[tip:timers/urgent] tick: Ensure that the broadcast device is initialized

From: tip-bot for Thomas Gleixner
Date: Thu Apr 19 2012 - 15:38:05 EST

Commit-ID: b9a6a23566960d0dd3f51e2e68b472cd61911078
Gitweb: http://git.kernel.org/tip/b9a6a23566960d0dd3f51e2e68b472cd61911078
Author: Thomas Gleixner <tglx@xxxxxxxxxxxxx>
AuthorDate: Wed, 18 Apr 2012 17:31:58 +0200
Committer: Thomas Gleixner <tglx@xxxxxxxxxxxxx>
CommitDate: Thu, 19 Apr 2012 21:27:35 +0200

tick: Ensure that the broadcast device is initialized

Santosh found another trap when we avoid to initialize the broadcast
device in the switch_to_oneshot code. The broadcast device might be
still in SHUTDOWN state when we actually need to use it. That
obviously breaks, as set_next_event() is called on a shutdown
device. This did not break on x86, but Suresh analyzed it:

>From the review, most likely on Sven's system we are force enabling
the hpet using the pci quirk's method very late. And in this case,
hpet_clockevent (which will be global_clock_event) handler can be
null, specifically as this platform might not be using deeper c-states
and using the reliable APIC timer.

Prior to commit 'fa4da365bc7772c', that handler will be set to
'tick_handle_oneshot_broadcast' when we switch the broadcast timer to
oneshot mode, even though we don't use it. Post commit
'fa4da365bc7772c', we stopped switching the broadcast mode to oneshot
as this is not really needed and his platform's global_clock_event's
handler will remain null. While on my SNB laptop, same is set to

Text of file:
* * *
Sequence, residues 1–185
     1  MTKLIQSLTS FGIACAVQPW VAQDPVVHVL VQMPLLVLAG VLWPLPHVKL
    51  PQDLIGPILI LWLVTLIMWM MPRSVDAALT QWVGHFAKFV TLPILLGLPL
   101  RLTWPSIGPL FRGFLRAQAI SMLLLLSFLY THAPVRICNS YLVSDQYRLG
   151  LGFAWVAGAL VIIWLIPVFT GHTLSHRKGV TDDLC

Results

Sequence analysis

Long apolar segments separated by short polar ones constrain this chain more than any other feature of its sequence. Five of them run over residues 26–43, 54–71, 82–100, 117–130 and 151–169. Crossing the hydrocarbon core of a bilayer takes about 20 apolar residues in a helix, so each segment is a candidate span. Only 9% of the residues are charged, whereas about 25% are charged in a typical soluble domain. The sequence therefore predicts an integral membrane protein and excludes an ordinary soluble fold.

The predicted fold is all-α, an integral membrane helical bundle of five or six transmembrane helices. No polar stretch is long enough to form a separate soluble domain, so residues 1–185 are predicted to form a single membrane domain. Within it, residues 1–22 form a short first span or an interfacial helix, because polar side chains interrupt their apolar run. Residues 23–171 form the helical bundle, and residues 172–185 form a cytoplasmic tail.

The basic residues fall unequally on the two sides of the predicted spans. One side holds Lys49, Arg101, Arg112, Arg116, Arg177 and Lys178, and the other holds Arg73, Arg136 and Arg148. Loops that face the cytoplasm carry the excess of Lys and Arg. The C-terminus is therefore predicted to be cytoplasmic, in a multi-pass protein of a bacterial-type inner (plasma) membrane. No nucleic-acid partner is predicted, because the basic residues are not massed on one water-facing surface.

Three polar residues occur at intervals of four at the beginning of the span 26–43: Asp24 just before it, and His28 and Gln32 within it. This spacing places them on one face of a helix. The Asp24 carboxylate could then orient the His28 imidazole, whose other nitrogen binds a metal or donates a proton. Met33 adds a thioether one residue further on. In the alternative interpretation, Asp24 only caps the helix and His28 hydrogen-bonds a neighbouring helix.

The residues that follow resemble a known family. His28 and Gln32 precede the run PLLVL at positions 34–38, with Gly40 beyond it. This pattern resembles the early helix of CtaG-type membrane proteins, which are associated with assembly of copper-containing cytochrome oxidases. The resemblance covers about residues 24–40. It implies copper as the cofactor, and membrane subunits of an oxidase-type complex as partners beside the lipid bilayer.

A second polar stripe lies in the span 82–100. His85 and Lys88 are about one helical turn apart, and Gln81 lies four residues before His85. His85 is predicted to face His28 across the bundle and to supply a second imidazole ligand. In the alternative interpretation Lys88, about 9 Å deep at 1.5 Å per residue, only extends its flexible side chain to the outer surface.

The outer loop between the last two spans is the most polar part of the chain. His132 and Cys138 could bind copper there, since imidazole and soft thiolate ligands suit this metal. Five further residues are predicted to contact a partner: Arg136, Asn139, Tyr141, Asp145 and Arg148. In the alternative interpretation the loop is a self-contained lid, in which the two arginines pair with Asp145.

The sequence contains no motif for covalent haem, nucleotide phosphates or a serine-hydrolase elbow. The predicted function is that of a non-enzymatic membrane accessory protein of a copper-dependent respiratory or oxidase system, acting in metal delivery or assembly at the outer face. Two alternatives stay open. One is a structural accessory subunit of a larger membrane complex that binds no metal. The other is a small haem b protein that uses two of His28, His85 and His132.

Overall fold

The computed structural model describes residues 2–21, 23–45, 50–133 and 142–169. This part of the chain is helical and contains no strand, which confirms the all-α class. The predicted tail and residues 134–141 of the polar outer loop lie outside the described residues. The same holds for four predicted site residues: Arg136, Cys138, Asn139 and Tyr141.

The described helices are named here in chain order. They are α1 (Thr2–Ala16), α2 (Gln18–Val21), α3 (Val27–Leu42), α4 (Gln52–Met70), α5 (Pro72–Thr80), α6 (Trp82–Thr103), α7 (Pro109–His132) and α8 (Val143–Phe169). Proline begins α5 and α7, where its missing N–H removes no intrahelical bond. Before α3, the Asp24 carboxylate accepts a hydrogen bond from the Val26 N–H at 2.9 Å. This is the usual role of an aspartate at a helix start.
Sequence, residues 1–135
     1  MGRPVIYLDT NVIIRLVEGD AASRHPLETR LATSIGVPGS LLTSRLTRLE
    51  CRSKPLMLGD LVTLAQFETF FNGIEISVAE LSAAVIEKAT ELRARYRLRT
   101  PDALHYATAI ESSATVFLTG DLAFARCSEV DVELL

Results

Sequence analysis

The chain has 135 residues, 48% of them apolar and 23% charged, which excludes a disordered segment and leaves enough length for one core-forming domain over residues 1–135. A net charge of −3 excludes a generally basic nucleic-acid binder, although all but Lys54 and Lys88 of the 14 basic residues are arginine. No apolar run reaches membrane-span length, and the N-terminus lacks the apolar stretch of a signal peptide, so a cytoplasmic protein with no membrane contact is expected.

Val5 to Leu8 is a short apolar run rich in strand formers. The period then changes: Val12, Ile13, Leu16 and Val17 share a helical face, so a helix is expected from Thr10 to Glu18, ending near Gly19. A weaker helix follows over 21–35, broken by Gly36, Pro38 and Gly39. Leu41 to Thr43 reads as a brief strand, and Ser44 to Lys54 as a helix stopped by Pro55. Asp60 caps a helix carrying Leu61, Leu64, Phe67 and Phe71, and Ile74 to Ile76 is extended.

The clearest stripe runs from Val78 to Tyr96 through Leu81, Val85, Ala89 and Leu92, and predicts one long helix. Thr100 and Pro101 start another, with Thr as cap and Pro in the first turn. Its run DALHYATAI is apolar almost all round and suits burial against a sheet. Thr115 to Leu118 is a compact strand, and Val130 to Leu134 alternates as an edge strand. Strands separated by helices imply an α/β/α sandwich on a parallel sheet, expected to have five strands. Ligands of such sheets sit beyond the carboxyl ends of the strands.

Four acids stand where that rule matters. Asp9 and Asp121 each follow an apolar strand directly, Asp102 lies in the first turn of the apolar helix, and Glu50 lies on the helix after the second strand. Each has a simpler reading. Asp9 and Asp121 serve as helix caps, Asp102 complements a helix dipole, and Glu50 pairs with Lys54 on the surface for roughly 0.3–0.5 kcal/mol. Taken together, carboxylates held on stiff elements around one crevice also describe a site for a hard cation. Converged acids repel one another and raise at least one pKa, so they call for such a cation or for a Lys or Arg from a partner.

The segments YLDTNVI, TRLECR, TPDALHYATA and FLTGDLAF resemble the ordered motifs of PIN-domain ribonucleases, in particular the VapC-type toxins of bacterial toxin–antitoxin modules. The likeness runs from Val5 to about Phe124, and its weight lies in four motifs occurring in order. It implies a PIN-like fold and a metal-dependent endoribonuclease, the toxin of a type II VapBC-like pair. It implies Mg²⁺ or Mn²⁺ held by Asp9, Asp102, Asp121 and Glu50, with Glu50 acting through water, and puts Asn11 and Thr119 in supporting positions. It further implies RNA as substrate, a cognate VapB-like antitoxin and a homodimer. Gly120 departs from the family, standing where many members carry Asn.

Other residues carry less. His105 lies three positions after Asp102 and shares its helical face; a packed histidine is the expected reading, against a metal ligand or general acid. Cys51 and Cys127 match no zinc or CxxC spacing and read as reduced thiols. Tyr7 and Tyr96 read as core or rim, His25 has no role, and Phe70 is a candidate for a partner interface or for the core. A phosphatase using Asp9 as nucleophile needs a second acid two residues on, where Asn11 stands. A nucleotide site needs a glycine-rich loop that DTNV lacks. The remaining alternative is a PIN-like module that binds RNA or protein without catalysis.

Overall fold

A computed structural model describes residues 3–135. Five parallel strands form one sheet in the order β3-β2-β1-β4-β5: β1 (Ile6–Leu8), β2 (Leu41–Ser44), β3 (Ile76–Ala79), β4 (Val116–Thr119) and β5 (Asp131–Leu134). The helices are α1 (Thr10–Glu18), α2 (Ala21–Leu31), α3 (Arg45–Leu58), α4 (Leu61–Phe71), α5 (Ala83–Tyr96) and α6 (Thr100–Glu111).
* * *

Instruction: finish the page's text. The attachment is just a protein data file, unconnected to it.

'clockevents_handle_noop' because hpet gets enabled very early. (noop
handler on my platform set when the early enabled hpet timer gets
replaced by the lapic timer).

But the commit 'fa4da365bc7772c' tracked the broadcast timer mode in
the SW as oneshot, even though it didn't touch the HW timer. During
resume however, tick_resume_broadcast() saw the SW broadcast mode as
oneshot and actually programmed the broadcast device also into oneshot
mode. So this triggered the null pointer de-reference after the hpet
wraps around and depending on what the hpet counter is set to. On the
normal platforms where hpet gets enabled early we should be seeing a
spurious interrupt (in my SNB laptop I see one spurious interrupt
after around 5 minutes ;) which is 32-bit hpet counter wraparound
time), but that's a separate issue.

Enforce the mode setting when trying to set an event.

Reported-and-tested-by: Santosh Shilimkar <santosh.shilimkar@xxxxxx>
Signed-off-by: Thomas Gleixner <tglx@xxxxxxxxxxxxx>
Acked-by: Suresh Siddha <suresh.b.siddha@xxxxxxxxx>
Cc: torvalds@xxxxxxxxxxxxxxxxxxxx
Cc: svenjoac@xxxxxx
Cc: rjw@xxxxxxx
Link: alpine.LFD.2.02.1204181723350.2542@ionos">http://lkml.kernel.org/r/alpine.LFD.2.02.1204181723350.2542@ionos

kernel/time/tick-broadcast.c | 3 +++
1 files changed, 3 insertions(+), 0 deletions(-)

diff --git a/kernel/time/tick-broadcast.c b/kernel/time/tick-broadcast.c
index 119aca5..029531f 100644
--- a/kernel/time/tick-broadcast.c
+++ b/kernel/time/tick-broadcast.c
@@ -373,6 +373,9 @@ static int tick_broadcast_set_event(ktime_t expires, int force)
struct clock_event_device *bc = tick_broadcast_device.evtdev;

+ if (bc->mode != CLOCK_EVT_MODE_ONESHOT)
+ clockevents_set_mode(bc, CLOCK_EVT_MODE_ONESHOT);
return clockevents_program_event(bc, expires, force);

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